A previously healthy 65-year-old female patient was admitted to our hospital due to painless obstructive jaundice of 1 week duration. Laboratory investigation showed elevated serum bilirubin, alkaline phosphatase and gamma-glutamyl transferase levels, with no other significant abnormalities. A contrast-enhanced computed tomography revealed a hypovascular lesion in the head of the pancreas (arrow, panel A), with an absence of body and tail of the gland near the splenic vessels (arrows, panel B).
A pancreatoduodenectomy was scheduled. Laparotomy revealed tumor in the pancreatic head (asterix, panel C) causing obstructive jaundice, as well as complete agenesis of dorsal pancreas. Only peritoneum and thin rim of subperitoneal fat covered the splenic artery and vein (arrows, panel C). The patient underwent pancreatoduodenectomy, which in an absence of body and tail of the pancreas was equal to total pancreatectomy (panel D). Postoperative course was uneventful, except of the need to strictly control serum glucose levels, as the patient expectedly developed postpancreatectomy insulin-dependent diabetes. Histology of the resected specimen revealed pT1pN0M0 pancreatic ductal adenocarcinoma with clear (R0, >1 mm) resection margins.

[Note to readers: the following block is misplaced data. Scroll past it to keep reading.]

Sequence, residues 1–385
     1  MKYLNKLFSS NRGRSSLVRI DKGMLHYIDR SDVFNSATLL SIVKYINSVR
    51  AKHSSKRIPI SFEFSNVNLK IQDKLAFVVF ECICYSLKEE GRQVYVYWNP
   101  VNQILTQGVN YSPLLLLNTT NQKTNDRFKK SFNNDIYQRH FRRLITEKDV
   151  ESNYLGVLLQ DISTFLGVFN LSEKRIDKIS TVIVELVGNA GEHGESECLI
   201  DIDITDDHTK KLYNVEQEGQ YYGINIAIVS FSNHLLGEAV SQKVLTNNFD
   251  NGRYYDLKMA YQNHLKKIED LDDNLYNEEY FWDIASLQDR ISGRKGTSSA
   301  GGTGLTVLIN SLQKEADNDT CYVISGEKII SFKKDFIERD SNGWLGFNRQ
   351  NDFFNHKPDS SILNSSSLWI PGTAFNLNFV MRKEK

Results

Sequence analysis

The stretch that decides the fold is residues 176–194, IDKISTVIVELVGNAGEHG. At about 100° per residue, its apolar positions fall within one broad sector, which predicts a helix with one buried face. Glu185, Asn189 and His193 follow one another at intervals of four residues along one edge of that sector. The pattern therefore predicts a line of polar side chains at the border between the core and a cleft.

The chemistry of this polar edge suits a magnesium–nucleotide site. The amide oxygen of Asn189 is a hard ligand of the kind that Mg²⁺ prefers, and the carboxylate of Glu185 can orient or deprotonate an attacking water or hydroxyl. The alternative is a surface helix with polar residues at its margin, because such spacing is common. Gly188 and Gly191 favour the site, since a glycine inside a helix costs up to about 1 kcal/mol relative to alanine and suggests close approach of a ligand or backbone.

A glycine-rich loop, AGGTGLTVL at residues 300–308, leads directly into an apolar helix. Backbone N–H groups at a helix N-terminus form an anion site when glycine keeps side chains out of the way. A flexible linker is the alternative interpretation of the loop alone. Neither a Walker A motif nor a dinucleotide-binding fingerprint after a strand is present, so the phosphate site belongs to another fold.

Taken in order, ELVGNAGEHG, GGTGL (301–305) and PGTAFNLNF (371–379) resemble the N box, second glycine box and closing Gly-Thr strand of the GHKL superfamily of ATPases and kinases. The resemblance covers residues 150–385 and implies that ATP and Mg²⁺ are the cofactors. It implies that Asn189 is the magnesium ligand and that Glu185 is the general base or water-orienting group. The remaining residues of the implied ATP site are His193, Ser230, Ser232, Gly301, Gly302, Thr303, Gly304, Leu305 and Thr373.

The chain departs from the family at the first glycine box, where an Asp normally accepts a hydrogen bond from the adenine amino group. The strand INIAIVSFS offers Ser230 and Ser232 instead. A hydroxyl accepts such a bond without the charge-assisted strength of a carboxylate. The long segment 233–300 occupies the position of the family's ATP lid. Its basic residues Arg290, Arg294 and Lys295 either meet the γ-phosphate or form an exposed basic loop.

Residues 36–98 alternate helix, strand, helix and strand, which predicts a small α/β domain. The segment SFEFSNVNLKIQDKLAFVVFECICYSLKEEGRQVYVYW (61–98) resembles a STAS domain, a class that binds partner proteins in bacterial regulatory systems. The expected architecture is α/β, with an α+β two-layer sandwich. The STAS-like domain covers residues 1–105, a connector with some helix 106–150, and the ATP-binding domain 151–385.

Conflicts of Interest: The authors have no conflicts of interest to declare.
Informed Consent: Written informed consent was obtained from the patient for publication of this manuscript and any accompanying images.